These newly discovered archaea have genes that are considered hallmarks of eukaryotes. And deep analysis of the organisms’ DNA suggests that modern eukaryotes belong to the same archaeal group. If that’s the case, essentially all complex life — everything from green algae to blue whales — originally came from archaea. Until recently, scientists who sought to identify the bacteria or archaea in a particular habitat had to grow the organisms in the lab. Now, researchers can assess microbial diversity in a sample of water or soil by fishing out the DNA and analyzing it using mathematical tools, a technique called metagenomics. Using the latest powerful modeling techniques, they have created a forest of evolutionary trees detailing the familial relationships among archaea. The results, in many cases, place eukaryotes within the archaeal ranks.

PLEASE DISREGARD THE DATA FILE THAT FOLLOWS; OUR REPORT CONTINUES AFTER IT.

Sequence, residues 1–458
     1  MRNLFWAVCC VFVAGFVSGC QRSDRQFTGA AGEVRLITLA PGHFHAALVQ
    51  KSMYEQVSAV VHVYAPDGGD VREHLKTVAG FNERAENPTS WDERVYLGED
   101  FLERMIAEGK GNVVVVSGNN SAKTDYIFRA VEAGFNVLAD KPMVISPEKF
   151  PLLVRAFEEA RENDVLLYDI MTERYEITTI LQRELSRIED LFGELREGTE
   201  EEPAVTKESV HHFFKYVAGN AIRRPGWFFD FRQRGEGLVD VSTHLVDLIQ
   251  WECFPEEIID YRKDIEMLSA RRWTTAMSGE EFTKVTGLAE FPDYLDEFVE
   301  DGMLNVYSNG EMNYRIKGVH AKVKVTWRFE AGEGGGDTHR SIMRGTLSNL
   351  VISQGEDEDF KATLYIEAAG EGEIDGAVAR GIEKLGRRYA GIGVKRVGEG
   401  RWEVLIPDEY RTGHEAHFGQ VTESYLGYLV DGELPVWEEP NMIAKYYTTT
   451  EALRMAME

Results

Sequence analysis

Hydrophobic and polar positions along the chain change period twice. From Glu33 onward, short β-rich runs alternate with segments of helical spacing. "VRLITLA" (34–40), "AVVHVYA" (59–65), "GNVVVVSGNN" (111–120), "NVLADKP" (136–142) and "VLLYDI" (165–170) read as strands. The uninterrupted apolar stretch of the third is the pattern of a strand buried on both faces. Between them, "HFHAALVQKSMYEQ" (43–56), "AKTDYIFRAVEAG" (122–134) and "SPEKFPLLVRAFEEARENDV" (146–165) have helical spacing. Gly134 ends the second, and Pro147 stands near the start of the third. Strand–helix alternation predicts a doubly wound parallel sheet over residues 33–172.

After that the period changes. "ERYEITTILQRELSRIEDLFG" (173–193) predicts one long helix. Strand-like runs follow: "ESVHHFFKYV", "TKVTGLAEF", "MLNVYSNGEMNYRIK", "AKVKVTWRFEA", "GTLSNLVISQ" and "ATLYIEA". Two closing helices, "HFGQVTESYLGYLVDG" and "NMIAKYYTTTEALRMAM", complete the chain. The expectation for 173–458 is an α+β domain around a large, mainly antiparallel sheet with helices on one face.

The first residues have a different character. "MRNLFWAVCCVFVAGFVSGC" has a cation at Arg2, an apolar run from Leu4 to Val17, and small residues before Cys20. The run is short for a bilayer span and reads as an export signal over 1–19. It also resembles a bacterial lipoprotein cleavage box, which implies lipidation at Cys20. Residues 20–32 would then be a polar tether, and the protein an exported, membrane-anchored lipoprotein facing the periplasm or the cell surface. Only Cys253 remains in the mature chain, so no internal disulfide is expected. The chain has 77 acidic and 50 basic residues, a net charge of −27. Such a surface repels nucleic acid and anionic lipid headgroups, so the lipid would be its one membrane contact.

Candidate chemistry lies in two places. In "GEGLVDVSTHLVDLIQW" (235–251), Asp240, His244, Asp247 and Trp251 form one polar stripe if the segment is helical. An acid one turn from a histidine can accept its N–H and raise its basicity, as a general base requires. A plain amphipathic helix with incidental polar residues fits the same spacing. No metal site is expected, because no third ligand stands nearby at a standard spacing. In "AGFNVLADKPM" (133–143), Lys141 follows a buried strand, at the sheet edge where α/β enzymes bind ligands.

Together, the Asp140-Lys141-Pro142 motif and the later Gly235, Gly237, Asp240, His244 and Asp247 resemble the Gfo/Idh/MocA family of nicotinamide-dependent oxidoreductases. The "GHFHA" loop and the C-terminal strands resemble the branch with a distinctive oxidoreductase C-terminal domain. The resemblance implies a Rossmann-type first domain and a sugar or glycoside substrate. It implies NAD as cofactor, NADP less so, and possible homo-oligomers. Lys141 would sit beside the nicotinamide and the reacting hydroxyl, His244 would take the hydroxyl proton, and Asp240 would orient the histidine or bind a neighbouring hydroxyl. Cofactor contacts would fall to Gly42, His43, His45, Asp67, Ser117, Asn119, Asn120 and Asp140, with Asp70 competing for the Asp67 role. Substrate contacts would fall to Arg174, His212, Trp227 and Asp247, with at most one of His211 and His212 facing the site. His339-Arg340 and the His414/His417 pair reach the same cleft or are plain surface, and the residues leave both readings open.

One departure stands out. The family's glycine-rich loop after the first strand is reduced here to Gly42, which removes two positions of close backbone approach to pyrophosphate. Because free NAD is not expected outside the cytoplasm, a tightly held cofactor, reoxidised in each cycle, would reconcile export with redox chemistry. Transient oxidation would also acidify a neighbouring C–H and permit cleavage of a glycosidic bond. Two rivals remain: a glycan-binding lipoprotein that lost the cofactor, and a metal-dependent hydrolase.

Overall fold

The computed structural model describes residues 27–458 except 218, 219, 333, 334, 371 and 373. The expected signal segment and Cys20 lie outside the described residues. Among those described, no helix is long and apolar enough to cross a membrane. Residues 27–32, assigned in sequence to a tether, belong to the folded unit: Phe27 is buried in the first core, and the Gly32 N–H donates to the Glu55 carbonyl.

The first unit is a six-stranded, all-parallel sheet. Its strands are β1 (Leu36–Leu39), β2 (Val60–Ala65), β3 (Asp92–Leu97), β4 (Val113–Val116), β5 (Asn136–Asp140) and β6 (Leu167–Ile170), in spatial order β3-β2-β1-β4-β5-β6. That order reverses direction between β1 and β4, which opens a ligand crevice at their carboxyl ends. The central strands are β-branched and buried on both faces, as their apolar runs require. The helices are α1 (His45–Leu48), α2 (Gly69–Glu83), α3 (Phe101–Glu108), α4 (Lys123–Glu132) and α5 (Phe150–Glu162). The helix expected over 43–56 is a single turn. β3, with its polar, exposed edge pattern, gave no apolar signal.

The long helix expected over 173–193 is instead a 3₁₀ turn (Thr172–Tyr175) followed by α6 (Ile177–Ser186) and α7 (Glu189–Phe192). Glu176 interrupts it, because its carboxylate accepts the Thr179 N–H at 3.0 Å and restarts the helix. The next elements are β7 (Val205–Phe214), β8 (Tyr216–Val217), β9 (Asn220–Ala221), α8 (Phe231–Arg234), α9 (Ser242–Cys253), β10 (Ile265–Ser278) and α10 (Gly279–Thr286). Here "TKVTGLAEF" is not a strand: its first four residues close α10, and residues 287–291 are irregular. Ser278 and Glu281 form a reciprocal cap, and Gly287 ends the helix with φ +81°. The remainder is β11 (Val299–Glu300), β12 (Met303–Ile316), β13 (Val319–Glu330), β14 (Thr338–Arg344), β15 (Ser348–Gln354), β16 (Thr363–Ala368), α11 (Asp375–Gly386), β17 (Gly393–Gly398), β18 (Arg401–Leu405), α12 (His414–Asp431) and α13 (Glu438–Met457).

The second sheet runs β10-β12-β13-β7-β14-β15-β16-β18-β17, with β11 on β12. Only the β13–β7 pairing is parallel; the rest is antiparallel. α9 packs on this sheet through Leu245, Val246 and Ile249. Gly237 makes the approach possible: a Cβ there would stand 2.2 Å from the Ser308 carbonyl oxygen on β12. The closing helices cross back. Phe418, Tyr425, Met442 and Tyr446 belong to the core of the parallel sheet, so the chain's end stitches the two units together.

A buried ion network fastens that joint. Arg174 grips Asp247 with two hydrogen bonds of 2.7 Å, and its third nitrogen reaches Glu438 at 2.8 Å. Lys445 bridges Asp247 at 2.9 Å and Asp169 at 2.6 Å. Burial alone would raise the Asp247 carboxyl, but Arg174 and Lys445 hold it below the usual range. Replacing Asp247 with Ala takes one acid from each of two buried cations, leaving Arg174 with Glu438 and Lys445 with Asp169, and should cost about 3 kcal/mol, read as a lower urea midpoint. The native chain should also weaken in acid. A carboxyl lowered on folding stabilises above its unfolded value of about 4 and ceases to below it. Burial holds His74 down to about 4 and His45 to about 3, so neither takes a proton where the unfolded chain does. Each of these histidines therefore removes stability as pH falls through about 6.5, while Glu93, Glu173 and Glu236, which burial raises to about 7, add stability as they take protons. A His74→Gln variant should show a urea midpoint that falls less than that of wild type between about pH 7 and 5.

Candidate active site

Characteristics

The Asgard archaea are tiny in size, but they have proved to be mighty. They have reinvigorated debate about the true number of life’s domains. And they are providing tantalizing hints about the nature of the cells that gave rise to the first eukaryotes — at least to two-domain proponents. Like their namesake, Lokiarchaeota and their kin evade easy description. They are unquestionably archaea, but their genomes include a smorgasbord of genes that are similar to some found in eukaryotes. Loki DNA, for example, contains genetic instructions for actins, proteins that form a skeleton-like framework in eukaryotic cells. Evolutionary modeling reinforced the tight linkage between the Asgard archaea and eukaryotes. The trees built by Ettema’s team place all eukaryotes in the Asgard group.

Is it culturable?